Scientists at the University of Pennsylvania School of Medicine have announced the creation of transplantable living nerve tissue that encourages and guides regeneration in an animal model.
Dr. Douglas H. Smith, a professor in the Department of Neurosurgery and Director of the Center for Brain Injury and Repair at Penn, says that he and his colleagues have successfully grown, transplanted, and integrated axon bundles that act as "jumper cables" to the host tissue in order to bridge a damaged section of nerve.
This advance attains significance because there are insufficient means for repairing peripheral nerve injuries that, in many cases, result in permanent loss of motor function, sensory function, or both.
Previously, Smith and colleagues have "stretch-grown" axons (nerve fibres) by placing neurons from rat dorsal root ganglia, clusters of nerves just outside the spinal cord, on nutrient-filled plastic plates.
Axons sprouted from the neurons on each plate and connected with neurons on the other plate, which were then slowly pulled apart over a series of days, aided by a precise computer-controlled motor system.
The nerves were elongated to over 1 cm over seven days, after which they were embedded in a protein matrix (with growth factors), rolled into a tube, and then implanted to bridge a section of nerve that was removed in a rat.
"That creates what we call a 'nervous-tissue construct'. We have designed a cylinder that looks similar to the longitudinal arrangement of the nerve axon bundles before it was damaged. The long bundles of axons span two populations of neurons, and these neurons can have axons growing in two directions - toward each other and into the host tissue at each side," says Smith.
The researcher said that the constructs were transplanted to bridge an excised segment of the sciatic nerve in rats. Sixteen weeks after the transplantation, the constructs still had their pre-transplant shape, with surviving transplanted neurons at the extremities of the constructs spanned by tracts of axons.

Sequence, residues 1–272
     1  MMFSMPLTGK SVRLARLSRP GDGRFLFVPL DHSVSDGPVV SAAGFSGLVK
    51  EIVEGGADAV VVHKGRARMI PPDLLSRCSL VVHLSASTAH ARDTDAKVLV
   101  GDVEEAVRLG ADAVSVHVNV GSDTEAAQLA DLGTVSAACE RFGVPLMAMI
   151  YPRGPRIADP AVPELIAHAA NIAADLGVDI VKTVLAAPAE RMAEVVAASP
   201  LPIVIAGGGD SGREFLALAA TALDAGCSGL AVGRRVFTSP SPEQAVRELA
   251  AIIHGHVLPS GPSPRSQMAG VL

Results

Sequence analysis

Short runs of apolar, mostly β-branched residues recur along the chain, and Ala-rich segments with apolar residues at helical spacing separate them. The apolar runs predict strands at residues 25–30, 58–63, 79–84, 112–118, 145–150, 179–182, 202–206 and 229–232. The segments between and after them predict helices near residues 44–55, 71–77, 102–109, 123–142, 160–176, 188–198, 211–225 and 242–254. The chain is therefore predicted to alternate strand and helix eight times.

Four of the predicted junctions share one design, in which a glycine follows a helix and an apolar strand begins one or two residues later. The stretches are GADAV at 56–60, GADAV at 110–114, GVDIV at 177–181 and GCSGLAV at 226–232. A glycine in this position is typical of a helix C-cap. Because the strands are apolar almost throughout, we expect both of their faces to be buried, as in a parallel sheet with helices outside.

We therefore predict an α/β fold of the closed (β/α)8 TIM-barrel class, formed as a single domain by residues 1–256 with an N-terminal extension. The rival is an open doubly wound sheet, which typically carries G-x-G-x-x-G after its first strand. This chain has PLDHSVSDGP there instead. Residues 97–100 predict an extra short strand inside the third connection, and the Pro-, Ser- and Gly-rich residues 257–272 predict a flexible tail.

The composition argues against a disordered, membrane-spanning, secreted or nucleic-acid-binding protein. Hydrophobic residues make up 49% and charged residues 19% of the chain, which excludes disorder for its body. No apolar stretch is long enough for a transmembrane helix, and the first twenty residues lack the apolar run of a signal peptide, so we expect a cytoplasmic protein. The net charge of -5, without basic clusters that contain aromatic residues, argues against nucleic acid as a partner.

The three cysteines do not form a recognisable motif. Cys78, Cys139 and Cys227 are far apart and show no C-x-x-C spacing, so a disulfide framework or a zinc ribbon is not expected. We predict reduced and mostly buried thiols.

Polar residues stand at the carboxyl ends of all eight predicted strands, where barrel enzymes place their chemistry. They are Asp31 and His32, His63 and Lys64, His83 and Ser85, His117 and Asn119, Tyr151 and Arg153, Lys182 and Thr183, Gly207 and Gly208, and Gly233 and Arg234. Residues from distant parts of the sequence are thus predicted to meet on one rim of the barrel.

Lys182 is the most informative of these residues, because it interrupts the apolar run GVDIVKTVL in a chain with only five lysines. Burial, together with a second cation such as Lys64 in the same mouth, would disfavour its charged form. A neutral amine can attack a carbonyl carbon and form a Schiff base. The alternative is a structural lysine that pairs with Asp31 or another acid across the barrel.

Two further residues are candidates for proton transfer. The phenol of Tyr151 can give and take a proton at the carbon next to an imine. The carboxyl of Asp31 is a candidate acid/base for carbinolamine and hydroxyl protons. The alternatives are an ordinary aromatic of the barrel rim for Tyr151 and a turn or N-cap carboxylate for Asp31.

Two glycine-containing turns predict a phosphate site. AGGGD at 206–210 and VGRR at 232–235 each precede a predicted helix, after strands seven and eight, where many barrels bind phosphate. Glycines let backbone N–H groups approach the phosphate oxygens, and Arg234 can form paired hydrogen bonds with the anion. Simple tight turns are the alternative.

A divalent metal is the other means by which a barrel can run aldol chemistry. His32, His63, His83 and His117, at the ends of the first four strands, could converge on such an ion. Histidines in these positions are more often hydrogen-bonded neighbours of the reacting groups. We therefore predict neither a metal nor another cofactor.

The authors observed that the host axons seemed to use the transplanted axons as a living scaffold to regenerate across the injury.
They found host and graft axons intertwined throughout the transplant region, suggesting a new form of axon-mediated axonal regeneration.
"Regenerating axons grew across the transplant bridge and became totally intertwined with the transplanted axons," says Smith.
The constructs survived and integrated without the use of immunosuppressive drugs, challenging the conventional wisdom regarding immune tolerance in the peripheral nervous system.
The researchers suspect that the living nerve-tissue construct encourages the survival of the supporting cells left in the nerve sheath away from the injury site, which further guide regeneration and provide the overall structure of the nerve.
"This may be a new way to promote nerve regeneration where it may not have been possible before," says co-first author Dr. D. Kacy Cullen, a post doctoral fellow in the Smith lab.
"It's a race against time - if nerve regeneration happens too slowly, as may be the case for major injuries, the support cells in the extremities can degenerate, blunting complete repair. Because our living axonal constructs actually grow into the host nerve sheath, they may 'babysit' these support cells to give the host more time to regenerate," Cullen added.
A research article on this work has been published in the journal Tissue Engineering.